Researchers from the Universities of Bristol and Surrey have found that well-fitting, three-layered cloth masks can be as effective at reducing the transmission of COVID-19 as surgical masks.
At the height of the COVID-19 pandemic, 139 countries mandated the use of face coverings in public space such as supermarkets and public transports. The World Health Organization also advises the use of face coverings and offers guidance on their effective features. Face coverings suppress the onward transmission of COVID-19 through exhalation and protect the wearer on inhalation.
In a paper published by the Physics of Fluids journal, the researchers detail how they looked at how liquid droplets are captured and filtered out in cloth masks by reviewing and modelling filtration processes, including inertial impaction.
Inertial impaction does not filter as a sieve or colander does – it works by forcing the air in your breath to twist and turn inside the mask so much that the droplets can’t follow the path of the air. Instead, the droplets crash into fibres inside the mask to prevent inhalation.
The team found that, under ideal conditions and dependent on the fit, three-layered cloth masks can perform similarly to surgical masks for filtering droplets – with both reducing exposure by around 50 to 75 per cent. For example, if an infected person and a healthy individual are both wearing masks, scientists believe this could result in up to 94 per cent less exposure.
Dr Richard Sear, co-author of the study and Leader of the Soft Matter Group at the University of Surrey, said:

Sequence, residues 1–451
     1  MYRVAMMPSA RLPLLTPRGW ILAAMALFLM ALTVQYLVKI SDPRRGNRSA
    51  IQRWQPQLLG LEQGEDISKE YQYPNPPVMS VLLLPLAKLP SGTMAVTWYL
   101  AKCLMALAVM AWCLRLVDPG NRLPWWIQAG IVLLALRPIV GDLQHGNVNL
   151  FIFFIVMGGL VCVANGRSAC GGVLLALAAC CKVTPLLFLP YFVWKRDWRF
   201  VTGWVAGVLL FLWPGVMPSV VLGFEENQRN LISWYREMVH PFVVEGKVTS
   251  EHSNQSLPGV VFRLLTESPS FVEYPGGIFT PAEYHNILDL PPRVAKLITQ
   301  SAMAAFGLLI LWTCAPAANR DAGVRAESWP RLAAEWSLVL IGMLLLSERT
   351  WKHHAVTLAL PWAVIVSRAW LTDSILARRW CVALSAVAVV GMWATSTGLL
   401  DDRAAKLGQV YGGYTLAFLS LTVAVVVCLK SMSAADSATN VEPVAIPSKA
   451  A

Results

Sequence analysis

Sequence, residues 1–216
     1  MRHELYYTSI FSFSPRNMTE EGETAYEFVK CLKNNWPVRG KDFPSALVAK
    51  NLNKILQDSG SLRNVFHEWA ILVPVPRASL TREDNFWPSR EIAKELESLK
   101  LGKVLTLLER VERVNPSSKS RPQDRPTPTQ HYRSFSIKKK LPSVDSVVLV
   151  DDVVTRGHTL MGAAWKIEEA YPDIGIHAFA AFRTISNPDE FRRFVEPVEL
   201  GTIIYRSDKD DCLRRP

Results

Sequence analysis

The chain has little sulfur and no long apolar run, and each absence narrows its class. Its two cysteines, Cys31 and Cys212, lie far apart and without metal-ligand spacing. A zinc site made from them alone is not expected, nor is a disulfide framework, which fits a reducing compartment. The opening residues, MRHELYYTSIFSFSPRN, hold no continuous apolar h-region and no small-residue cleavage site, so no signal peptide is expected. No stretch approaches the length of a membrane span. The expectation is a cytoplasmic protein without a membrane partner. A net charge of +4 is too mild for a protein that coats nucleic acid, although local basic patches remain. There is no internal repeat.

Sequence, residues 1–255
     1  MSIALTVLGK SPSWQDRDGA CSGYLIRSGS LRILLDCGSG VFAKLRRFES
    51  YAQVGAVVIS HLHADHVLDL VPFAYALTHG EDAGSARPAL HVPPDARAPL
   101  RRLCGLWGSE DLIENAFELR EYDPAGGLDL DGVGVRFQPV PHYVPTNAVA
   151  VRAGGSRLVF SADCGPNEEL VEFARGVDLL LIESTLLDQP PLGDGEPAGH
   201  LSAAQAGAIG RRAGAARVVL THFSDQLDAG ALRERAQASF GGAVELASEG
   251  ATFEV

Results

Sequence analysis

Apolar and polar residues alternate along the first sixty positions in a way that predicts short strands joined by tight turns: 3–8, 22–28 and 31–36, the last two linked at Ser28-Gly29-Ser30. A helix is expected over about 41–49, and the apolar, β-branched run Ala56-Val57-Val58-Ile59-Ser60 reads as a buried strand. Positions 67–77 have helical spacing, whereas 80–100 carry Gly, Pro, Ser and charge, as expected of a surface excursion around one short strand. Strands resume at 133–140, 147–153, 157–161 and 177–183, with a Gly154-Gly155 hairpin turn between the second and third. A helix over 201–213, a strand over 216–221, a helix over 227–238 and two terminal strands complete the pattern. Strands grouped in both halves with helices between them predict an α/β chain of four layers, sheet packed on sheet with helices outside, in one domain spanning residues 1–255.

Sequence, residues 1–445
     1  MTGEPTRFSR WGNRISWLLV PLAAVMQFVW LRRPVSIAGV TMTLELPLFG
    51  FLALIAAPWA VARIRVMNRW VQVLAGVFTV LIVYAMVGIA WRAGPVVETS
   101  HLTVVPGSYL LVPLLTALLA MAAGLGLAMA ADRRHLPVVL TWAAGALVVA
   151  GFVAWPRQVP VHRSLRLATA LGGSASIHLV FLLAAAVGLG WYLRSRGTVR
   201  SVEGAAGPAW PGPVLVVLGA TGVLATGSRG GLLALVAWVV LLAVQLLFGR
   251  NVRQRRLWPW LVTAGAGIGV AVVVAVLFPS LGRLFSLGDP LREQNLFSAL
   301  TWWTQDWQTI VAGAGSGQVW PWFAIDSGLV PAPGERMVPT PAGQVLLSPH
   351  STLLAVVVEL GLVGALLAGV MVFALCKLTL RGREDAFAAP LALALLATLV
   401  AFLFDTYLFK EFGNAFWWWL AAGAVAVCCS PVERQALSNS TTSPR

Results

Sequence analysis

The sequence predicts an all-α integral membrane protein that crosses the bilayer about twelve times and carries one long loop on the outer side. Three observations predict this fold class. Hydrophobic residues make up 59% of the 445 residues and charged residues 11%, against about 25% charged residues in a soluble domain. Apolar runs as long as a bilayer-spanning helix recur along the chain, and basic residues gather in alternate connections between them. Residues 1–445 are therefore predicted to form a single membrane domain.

“While wearing a simple and relatively inexpensive cloth face mask cannot eliminate the risk of contracting COVID-19, measurements and our theoretical model suggests they are highly effective in reducing transmission. We hope that our work inspires mask designs to be optimised in the future and we hope it helps to remind people of the importance of continuing to wear masks while COVID-19 remains present in the community.”
Featured image: Summary of fabrics comprising masks considered here. (a) Knitted fabrics formed by looping yarn through previous layers (layers colored differently for clarity). (b) Woven fabrics formed by intersecting perpendicular yarns (the “warp” and “weft”). (c) Nonwoven fabrics are formed by entangling fibers through other means, resulting in less ordered arrangements. Scanning electron microscope images of example fabrics in figures (a)–(c) share a scale bar of 100 lm. (d) Geometric properties measured for sample fabric layers, with region of interest marked with a dashed circle (discussed in text). Respirators and surgical masks are comprised of multiple layers, with individual layers plotted separately within this panel. (e) Distribution of fiber diameters in cotton fabric samples, which loosely follow a lognormal distribution. Inset: the 60% cotton 40% polyester t-shirt shows a second peak at larger fiber diameter corresponding to the second material, which can also be modeled as a lognormal (pink dashed). © Robinson et al.
Reference: Joshua F. Robinson, Ioatzin Rios de Anda, Fergus J. Moore, Jonathan P. Reid, Richard P. Sear, and C. Patrick Royall , “Efficacy of face coverings in reducing transmission of COVID-19: Calculations based on models of droplet capture” , Physics of Fluids 33, 043112 (2021) https://doi.org/10.1063/5.0047622
Provided by University of Surrey